Explore

Explore Western Nebraska By Tag

There are 20 pages about Where To Go

May 2016
Lemoyne
Lemoyne

Photo by Nebraska Tourism   The unincorporated community of Lemoyne, near where Lonergan Creek flows into Lake McConaughy, had its all-time high population of 90 people back in 1960. There were just a few souls less than that in the most recent census. The original community of Lemoyne was

Read More
Brule
Brule

Nine miles west of Ogallala is the community of Brule. It was founded in 1886 on the site of a former Brule Sioux encampment.

Read More
Whitney
Whitney

Photo by Nebraska Tourism   The community of Dawes City formed in 1885. When the railroad arrived but stayed north of the White River, the town of Earth Lodge formed. Buildings were moved to the new town, and it later became Whitney. Old Fort Useless was built nine miles from town to protec

Read More
Pine Ridge Home of Buffalo Bill Legend
Pine Ridge Home of Buffalo Bill Legend

   It was on this lonely hillside 137 years ago that the most famous showman of the Wild West was said to have outgunned a Cheyenne warrior and taken his scalp as revenge for the killing of Lt. Col. George Armstrong Custer three weeks earlier at the Battle of Little Bighorn. What re

Read More
Ogallala's Soap Box Joyride
Ogallala's Soap Box Joyride

Two speed racers have climbed into their little rockets on wheels, boldly braving the whipping wind racing across Ogallala. These helmeted riders are all of 9 years old, but the boy and girl both have the steely-eyed determination of veteran NASCAR road warriors as they stare down a 34-foot dive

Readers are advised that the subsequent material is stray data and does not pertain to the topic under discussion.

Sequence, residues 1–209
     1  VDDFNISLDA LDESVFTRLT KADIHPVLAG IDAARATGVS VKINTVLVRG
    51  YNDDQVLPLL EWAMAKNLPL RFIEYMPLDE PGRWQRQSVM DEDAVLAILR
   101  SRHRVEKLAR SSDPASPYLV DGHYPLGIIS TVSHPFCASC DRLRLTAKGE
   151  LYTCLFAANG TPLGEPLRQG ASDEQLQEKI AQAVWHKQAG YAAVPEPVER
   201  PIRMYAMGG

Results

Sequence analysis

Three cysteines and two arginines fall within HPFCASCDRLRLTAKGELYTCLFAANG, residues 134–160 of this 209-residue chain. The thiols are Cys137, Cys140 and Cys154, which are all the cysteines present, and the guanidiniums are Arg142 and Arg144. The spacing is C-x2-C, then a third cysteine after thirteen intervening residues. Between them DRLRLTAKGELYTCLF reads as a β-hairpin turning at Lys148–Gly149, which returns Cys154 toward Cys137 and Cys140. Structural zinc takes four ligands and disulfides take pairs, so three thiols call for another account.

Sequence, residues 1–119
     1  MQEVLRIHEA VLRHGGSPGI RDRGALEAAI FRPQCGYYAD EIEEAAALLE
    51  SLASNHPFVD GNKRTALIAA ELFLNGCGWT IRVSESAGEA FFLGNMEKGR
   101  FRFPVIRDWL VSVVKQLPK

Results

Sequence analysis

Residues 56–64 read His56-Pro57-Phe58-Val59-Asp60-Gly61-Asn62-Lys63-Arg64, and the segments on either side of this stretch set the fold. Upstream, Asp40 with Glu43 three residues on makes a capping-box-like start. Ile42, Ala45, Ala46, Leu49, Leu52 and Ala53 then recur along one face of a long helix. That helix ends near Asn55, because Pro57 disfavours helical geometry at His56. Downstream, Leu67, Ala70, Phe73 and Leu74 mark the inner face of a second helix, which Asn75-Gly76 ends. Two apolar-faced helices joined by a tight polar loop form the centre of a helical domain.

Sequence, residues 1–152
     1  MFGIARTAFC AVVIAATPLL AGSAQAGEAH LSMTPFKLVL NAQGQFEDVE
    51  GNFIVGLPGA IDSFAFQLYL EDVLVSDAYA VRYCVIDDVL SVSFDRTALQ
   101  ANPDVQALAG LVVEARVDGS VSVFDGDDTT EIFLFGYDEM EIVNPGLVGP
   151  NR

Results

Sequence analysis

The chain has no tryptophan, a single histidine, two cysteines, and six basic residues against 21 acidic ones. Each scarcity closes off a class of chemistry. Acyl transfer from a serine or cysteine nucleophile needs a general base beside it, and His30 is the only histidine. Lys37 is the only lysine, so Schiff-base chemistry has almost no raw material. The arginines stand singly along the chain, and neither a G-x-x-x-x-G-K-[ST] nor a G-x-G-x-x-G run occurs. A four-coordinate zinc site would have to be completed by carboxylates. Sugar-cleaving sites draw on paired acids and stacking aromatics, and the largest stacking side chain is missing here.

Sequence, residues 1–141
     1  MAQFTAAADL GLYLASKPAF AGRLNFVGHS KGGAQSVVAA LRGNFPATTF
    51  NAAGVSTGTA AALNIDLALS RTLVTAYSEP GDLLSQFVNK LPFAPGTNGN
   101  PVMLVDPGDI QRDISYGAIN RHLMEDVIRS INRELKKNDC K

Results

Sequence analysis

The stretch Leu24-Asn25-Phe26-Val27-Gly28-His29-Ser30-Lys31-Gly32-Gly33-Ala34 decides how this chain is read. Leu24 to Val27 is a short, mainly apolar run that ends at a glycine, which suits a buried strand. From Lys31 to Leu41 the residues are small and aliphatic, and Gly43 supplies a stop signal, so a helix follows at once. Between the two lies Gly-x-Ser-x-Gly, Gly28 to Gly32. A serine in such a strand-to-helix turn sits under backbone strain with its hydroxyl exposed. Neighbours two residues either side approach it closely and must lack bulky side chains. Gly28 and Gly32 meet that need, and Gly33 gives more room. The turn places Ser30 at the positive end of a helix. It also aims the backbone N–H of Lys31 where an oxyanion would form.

Read More
Sidney Soars on High Plains
Sidney Soars on High Plains

There’s even more optimism rolling about than the freight trains from the three railroad lines constantly moving through town. But the trail of Sidney has had many twists and turns, starting in the 1870s when the most feared desperados of the Wild West lurked here. The community’s jou

Read More
Good Times in the Badlands
Good Times in the Badlands

Our Heritage Guest Ranch is a rock of the Badlands. Homesteaded by Swedish immigrants Andrew and Johanna Rosenburg in 1887, the ranch provided food and lodging to railroad crews toiling in the area all the live-long day. At night they returned for rest, a hearty meal and to have equipment repaire

Read More
Nenzel and Cody
Nenzel and Cody

Nenzel and Cody Near Nenzel visitors taste the Sandhills at Niobrara Valley Vineyards. (402) 823-4131. Cody-Kilgore High School students helped build the strawbale Circle C Market and operate it. (402) 823-4099.

Read More
Ashby
Ashby

Photo by Alan J. Bartels   Ashby Just cross the tracks north of Highway 2 and find one of the most unique shops with Nebraska’s own “Pot Lady.” CaLinda’s Pot Shop & Art Gallery showcases owner Linda Lacy’s one-of-a-kind creations of clay and canvas. Experi

Read More
Gordon Howard's Chimney Rock
Gordon Howard's Chimney Rock